In this workshop zine-maker Amanda Stevens will walk you through what is a zine, different types of zines, the history of zines, and everything you need to know to make a zine. We'll learn how to use zine-making equipment available at the Anchor Archive Zine Library and then we'll make a collaborative zine together on a topic of the group's choice. Everyone will take home a copy and be ready to make a zine of their own. There is a suggested donation of $10-$30 per attendee to cover supplies and the facilitator's time, and to support the Zine Library.
Space is limited, so register here for the workshop on Tuesday, September 12 at 7 pm at the Anchor Archive Zine Library, 2177 Gottingen Street.
Zines are self-published print publications made outside of mainstream press and media, so they can be about anything you want and anyone can make them. You produce and distribute them using inexpensive, everyday tools like paper, scissors, glue sticks, and photocopiers. Many zine-makers are marginalized folks whose voices or views are excluded from mainstream channels. Zines often convey personal stories or radical political information or perspectives. Or they can be unique artistic creations. Zines can be a way to express yourself, find your voice, be creative in a low-pressure way, and make something to share with your friends or the world.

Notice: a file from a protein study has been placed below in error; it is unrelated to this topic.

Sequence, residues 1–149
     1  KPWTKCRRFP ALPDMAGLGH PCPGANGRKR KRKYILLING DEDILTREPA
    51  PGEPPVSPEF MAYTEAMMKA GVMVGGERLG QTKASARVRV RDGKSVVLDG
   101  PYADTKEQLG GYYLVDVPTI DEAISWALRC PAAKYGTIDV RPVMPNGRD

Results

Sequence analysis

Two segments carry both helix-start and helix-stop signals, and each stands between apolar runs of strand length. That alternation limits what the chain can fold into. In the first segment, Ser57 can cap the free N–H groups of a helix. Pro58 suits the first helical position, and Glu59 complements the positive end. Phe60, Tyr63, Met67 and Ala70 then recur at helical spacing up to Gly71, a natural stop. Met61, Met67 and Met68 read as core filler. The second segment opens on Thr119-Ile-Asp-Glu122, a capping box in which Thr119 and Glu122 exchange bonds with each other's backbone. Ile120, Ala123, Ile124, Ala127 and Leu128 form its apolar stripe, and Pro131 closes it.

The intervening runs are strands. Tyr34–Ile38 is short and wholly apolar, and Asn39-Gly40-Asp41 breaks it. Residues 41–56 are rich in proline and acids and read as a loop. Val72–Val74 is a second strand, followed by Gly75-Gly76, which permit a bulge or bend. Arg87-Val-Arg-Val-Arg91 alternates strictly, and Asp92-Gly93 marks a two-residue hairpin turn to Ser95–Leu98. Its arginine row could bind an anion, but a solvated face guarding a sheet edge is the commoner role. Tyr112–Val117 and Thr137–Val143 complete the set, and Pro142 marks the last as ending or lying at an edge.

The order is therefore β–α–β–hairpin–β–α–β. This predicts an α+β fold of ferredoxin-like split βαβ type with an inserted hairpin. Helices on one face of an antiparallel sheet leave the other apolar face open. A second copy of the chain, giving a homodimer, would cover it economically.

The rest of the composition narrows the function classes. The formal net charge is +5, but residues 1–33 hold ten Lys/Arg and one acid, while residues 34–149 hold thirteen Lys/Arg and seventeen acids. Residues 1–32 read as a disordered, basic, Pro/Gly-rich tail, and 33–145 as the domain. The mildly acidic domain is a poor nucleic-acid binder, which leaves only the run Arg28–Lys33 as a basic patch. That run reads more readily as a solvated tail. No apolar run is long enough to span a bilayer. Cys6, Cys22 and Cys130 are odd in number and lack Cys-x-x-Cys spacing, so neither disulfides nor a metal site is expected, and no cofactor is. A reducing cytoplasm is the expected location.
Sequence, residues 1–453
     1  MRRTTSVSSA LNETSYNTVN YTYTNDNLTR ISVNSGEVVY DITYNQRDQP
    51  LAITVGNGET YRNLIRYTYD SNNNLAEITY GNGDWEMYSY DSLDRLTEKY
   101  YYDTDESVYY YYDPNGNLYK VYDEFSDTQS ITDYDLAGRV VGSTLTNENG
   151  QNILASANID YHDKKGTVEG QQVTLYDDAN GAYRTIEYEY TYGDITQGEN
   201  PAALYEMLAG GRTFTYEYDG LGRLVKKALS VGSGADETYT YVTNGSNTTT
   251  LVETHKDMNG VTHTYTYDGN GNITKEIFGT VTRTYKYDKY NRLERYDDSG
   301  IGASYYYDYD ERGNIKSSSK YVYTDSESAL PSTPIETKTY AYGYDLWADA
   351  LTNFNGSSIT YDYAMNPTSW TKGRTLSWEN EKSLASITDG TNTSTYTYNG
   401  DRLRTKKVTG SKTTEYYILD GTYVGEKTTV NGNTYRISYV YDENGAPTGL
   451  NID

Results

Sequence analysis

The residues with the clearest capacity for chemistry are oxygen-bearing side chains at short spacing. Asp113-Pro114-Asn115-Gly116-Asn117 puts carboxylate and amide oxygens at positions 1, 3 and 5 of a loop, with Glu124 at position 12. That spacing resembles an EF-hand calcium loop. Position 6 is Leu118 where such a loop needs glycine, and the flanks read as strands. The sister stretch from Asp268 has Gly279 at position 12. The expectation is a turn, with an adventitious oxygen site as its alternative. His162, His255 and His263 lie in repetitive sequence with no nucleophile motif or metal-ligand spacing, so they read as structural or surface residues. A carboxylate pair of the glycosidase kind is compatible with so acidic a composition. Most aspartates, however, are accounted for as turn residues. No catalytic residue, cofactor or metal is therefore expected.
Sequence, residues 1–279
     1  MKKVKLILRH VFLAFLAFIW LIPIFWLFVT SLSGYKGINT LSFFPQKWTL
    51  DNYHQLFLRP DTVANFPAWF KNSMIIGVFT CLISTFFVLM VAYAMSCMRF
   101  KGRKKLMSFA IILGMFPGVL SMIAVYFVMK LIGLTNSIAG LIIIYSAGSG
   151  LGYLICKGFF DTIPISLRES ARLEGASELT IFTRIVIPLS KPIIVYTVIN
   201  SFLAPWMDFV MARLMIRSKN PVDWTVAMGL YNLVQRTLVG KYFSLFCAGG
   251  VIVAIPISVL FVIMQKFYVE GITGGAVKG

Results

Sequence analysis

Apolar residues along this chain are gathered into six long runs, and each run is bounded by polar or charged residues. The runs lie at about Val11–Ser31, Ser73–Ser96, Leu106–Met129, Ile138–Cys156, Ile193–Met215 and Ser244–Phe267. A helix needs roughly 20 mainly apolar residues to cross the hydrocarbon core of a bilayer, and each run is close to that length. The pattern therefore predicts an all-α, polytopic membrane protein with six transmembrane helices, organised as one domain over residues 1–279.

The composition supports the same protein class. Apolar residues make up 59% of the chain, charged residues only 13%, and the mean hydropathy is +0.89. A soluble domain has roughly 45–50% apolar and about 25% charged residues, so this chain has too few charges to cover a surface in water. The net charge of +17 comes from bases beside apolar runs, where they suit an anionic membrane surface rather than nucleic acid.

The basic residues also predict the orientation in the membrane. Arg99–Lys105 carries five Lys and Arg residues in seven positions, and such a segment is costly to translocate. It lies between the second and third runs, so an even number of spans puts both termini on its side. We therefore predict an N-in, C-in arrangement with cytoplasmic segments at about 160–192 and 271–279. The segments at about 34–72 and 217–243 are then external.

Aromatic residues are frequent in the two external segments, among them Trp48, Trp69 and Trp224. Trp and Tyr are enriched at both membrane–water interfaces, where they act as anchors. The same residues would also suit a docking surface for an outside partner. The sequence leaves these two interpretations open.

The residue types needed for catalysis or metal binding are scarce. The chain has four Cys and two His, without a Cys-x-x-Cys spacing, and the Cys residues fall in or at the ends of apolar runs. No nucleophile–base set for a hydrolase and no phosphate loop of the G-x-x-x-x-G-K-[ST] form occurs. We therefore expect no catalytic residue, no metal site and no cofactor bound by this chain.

Workshop facilitator Amanda Stevens has been making zines since 1994 on topics like how to make friends, communicating with cats, peeing outside, women's orgasms, walking, and online dating. Amanda is a librarian who helps to collectively operate the Anchor Archive Zine Library and manages the Library's online catalogue. She also coordinated the Halifax Zine Fair from 2016 to 2020. You can see some of her zines in her online store and find her @lettertoamanda.